Vespidae — Details

Hornets, Hornets and Yellowjackets, Paper Wasps, Potter Wasps, and Yellowjackets learn more about names for this taxon

Overview

Comprehensive Description

Vespidae (Vespid Wasps)
These medium to large wasps may be light brown, reddish brown, or black with yellow markings, especially around the face and on the abdomen. At rest, their wings appear pleated. These wasps exhibit varying degrees of sociality. The Polistes spp. (Paper Wasps) construct only small clusters of brood cells from paper (chewed plant material), while Vespula and Dolichovespula spp. (Yellow Jackets and Hornets) construct large spheroid nests from the same kind of material. These wasps bring back a variety of insects back to the nest (with hornets providing regurgitated food to their larvae). They have a reputation of being aggressive around their hives. There is a subfamily of the Vespidae that consists of solitary wasps, which will be discussed next. Eumeninae (Eumenine Wasps): Eumenine wasps are rather stout, medium-sized, brown with cream or yellow markings. They make mud-lined nests in the ground, or make pot-shaped nests from mud on the twigs of shrubs and small trees, or construct nests in wood cavities. Eumenine wasps attack caterpillars of moths, and carry them back to their nests as a food source for their larvae. Some species also prey on beetle grubs in the ground. Eumenine wasps are also frequent visitors of wildflowers.

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Ecology

Associations

Animal / associate
larva of Amobia signata is associated with nest of Vespidae

Animal / associate
larva of Macronychia griseola is associated with nest of Vespidae

Animal / associate
larva of Macronychia polyodon is associated with nest of Vespidae

Animal / associate
larva of Volucella is associated with nest of Vespidae

Animal / parasite / ectoparasite
larva of Volucella inanis ectoparasitises larva of Vespidae
Other: sole host/prey

Animal / associate
larva of Volucella zonaria is associated with nest of Vespidae

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Known prey organisms

Vespidae (Hymenoptera Vespidae 2 spp.) preys on:
Mammalia

Based on studies in:
Costa Rica (Carrion substrate)

This list may not be complete but is based on published studies.
  • L. F. Jiron and V. M. Cartin, 1981. Insect succession in the decomposition of a mammal in Costa Rica. J. New York Entomol. Soc. 89:158-165, from p. 163.
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Known predators

Vespidae (Hymenoptera Vespidae 2 spp.) is prey of:
Anolis evermanni
Anolis gundlachi

Based on studies in:
Puerto Rico, El Verde (Rainforest)

This list may not be complete but is based on published studies.
  • Waide RB, Reagan WB (eds) (1996) The food web of a tropical rainforest. University of Chicago Press, Chicago
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© SPIRE project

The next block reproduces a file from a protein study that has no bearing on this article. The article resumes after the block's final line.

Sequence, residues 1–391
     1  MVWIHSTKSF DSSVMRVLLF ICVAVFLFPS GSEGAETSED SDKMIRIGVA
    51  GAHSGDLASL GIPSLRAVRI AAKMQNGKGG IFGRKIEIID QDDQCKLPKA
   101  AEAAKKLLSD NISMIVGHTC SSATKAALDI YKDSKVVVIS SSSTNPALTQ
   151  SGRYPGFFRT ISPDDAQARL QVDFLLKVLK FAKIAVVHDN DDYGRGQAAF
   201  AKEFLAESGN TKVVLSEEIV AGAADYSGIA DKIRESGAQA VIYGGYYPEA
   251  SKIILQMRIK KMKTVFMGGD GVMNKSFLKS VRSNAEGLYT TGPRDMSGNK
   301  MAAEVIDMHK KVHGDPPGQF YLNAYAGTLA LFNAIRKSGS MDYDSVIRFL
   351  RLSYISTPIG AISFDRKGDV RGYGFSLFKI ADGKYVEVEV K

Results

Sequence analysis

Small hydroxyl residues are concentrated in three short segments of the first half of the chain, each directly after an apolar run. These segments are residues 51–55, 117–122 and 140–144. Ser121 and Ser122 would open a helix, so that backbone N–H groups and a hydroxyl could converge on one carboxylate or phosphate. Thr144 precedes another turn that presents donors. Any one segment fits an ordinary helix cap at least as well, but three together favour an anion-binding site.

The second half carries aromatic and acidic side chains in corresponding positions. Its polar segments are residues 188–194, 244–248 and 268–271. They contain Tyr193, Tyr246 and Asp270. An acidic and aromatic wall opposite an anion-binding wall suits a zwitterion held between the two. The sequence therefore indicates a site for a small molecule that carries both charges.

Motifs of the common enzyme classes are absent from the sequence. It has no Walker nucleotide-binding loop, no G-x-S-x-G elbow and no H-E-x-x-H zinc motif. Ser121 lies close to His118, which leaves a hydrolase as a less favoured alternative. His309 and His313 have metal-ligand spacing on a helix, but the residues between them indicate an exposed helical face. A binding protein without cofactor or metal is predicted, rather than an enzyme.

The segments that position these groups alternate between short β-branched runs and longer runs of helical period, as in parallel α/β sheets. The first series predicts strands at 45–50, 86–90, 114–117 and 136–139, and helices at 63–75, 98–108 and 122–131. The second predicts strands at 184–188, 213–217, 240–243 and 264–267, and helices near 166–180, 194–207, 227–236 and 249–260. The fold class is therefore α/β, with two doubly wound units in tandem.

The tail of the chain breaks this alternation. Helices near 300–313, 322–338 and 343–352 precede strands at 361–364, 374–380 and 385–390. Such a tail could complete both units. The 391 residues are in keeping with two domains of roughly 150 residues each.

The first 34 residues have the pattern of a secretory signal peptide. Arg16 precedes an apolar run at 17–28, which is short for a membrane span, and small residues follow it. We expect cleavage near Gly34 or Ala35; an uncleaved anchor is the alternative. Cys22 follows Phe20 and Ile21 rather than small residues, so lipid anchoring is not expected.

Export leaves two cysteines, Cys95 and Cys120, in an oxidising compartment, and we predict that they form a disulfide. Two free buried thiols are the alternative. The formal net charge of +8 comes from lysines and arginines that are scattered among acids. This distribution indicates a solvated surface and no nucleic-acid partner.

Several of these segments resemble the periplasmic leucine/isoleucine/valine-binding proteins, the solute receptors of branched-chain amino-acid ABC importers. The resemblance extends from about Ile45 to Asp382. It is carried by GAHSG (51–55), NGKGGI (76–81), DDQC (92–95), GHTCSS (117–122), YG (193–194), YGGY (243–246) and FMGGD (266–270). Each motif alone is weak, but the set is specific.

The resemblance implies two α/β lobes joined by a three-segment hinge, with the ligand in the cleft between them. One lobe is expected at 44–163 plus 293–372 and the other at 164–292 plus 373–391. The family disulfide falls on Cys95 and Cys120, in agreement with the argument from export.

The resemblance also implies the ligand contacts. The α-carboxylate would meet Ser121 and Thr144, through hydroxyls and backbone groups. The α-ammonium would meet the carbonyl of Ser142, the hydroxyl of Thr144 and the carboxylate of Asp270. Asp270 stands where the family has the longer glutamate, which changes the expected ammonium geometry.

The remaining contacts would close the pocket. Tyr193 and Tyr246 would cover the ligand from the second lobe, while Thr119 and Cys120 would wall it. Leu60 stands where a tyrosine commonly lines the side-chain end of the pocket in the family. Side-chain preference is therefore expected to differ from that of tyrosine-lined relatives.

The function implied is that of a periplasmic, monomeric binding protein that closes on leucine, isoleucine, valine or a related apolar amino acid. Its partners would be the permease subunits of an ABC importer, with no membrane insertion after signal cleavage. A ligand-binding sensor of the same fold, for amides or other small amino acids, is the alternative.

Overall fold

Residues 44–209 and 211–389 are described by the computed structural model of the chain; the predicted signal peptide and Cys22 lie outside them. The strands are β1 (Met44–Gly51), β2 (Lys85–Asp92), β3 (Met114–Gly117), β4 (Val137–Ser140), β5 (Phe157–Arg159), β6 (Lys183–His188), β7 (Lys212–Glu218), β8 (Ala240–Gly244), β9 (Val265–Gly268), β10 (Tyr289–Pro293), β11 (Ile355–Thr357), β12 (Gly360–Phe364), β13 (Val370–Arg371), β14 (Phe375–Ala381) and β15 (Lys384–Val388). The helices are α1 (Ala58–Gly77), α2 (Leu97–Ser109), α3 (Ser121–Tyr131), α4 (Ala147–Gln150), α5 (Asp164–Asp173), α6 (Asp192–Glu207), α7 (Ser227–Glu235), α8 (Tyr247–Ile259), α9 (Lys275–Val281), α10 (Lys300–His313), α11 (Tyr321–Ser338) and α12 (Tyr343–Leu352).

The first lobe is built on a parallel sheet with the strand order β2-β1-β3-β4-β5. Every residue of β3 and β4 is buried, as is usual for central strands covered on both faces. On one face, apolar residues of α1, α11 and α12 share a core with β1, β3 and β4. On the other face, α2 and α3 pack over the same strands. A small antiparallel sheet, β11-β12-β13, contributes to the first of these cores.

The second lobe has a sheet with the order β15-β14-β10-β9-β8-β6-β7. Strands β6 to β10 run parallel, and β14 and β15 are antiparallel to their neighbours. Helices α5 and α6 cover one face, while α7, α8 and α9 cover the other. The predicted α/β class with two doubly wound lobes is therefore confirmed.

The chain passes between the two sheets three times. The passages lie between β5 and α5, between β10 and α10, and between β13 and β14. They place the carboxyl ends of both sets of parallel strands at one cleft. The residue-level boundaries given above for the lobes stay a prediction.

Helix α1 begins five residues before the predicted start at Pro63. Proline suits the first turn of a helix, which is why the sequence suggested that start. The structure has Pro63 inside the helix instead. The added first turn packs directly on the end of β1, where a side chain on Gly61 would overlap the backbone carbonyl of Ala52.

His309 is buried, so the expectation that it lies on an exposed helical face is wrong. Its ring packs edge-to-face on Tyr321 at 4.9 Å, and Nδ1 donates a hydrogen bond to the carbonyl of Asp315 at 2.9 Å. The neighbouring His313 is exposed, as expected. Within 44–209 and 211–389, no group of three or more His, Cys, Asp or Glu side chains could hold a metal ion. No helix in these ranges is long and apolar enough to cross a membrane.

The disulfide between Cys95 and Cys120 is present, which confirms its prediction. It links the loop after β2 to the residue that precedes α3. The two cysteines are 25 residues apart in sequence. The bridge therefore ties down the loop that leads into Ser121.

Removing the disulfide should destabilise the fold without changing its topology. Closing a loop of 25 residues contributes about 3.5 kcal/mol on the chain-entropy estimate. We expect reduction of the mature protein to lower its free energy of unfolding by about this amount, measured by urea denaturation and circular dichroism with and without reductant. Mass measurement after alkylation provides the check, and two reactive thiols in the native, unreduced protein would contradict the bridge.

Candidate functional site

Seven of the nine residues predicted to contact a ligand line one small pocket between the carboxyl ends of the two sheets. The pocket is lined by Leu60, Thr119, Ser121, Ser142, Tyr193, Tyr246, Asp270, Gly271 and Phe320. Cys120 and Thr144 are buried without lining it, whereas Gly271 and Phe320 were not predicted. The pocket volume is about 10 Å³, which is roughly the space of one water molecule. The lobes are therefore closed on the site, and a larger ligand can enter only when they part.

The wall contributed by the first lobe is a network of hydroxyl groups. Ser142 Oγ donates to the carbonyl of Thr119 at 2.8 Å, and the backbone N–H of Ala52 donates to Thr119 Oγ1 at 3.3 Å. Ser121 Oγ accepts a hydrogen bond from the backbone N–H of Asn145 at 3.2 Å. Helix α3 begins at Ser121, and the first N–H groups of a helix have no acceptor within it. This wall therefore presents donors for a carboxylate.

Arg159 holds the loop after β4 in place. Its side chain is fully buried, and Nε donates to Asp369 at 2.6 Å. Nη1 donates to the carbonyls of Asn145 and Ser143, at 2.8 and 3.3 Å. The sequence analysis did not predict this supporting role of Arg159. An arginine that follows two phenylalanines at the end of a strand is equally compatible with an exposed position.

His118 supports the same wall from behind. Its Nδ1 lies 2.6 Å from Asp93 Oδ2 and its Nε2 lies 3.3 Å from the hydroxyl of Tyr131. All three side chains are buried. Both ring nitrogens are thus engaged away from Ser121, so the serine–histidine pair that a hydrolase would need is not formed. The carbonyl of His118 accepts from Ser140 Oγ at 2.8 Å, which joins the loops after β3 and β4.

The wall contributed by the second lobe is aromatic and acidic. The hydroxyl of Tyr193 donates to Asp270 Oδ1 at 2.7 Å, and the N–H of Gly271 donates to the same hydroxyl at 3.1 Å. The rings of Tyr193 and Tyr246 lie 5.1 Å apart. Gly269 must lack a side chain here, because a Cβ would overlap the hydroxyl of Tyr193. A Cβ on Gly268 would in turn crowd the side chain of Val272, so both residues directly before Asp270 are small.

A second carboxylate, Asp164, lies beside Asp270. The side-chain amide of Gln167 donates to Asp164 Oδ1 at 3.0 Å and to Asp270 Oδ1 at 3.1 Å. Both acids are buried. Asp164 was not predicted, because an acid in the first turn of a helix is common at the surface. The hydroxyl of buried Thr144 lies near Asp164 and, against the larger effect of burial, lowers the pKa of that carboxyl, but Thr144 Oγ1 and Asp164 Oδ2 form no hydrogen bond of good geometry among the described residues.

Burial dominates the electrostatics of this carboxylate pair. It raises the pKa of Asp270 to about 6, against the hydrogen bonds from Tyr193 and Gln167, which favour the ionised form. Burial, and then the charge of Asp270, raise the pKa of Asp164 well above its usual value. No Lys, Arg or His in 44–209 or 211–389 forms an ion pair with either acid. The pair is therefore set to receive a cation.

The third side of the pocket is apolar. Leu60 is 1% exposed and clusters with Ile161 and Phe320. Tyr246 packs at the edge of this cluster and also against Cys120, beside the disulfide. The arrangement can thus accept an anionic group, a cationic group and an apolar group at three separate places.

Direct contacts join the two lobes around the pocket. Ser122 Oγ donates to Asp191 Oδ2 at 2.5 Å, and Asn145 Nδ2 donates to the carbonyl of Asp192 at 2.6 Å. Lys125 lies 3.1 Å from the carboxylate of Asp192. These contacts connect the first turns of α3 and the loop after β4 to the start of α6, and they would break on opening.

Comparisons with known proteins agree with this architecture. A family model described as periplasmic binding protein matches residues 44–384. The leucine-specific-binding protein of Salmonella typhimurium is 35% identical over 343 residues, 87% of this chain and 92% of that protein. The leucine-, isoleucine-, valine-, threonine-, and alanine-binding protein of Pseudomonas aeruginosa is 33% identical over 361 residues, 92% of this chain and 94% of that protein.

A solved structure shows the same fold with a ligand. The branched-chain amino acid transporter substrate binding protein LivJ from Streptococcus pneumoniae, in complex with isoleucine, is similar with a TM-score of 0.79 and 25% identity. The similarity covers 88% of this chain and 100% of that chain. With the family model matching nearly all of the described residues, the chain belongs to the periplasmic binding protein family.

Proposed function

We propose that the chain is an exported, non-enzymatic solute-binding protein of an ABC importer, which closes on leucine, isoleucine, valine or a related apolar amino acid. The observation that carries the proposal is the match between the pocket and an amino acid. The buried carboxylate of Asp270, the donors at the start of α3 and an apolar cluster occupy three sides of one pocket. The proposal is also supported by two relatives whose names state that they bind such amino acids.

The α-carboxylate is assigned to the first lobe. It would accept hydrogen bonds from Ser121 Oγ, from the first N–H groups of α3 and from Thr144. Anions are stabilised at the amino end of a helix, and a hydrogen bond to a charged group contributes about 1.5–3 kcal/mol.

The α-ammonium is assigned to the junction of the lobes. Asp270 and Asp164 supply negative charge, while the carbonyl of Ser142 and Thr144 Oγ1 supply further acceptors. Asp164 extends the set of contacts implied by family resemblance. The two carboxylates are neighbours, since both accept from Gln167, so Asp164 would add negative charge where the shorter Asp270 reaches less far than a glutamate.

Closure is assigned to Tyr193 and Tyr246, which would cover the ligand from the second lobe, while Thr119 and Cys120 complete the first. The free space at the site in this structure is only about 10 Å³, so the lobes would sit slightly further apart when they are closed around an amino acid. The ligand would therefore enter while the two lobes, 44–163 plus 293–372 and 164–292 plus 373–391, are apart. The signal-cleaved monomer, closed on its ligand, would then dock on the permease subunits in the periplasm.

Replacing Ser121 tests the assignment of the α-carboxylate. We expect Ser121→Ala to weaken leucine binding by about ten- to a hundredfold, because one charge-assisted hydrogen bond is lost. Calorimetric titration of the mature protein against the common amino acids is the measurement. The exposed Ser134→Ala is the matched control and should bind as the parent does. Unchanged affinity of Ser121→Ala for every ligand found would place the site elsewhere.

Source: SPIRE

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Molecular Biology and Genetics

Molecular Biology

Statistics of barcoding coverage

Barcode of Life Data Systems (BOLD) Stats
Specimen Records: 5364
Specimens with Sequences: 4336
Specimens with Barcodes: 4059
Species: 521
Species With Barcodes: 448
Public Records: 1218
Public Species: 239
Public BINs: 224
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Barcode data

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Source: Barcode of Life Data Systems (BOLD)

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Wikipedia

Vespidae

The Vespidae are a large (nearly 5000 species), diverse, cosmopolitan family of wasps, including nearly all the known eusocial wasps (such as Polistes annularis or Vespula germanica) and many solitary wasps. Each social wasp colony includes a queen and a number of female workers with varying degrees of sterility relative to the queen. In temperate social species, colonies usually only last one year, dying at the onset of winter. New queens and males (drones) are produced towards the end of the summer, and after mating, the queens hibernate over winter in cracks or other sheltered locations. The nests of most species are constructed out of mud, but polistines and vespines use plant fibers, chewed to form a sort of paper (also true of some stenogastrines). Many species are pollen vectors contributing to the pollination of several plants, being potential or even effective pollinators,[1] while others are notable predators of pest insect species.

The subfamilies Polistinae and Vespinae are composed solely of eusocial species, while Eumeninae, Euparagiinae, and Masarinae are all solitary; the Stenogastrinae subfamily contains a variety of forms from solitary to social.

In Polistinae and Vespinae, rather than consuming prey directly, prey are masticated and fed to the larvae, and the larvae, in return, produce a clear liquid (with high amino acid content) which the adults consume; the exact amino acid composition varies considerably among species, but it is considered to contribute substantially to adult nutrition.[2]

Gallery[edit]

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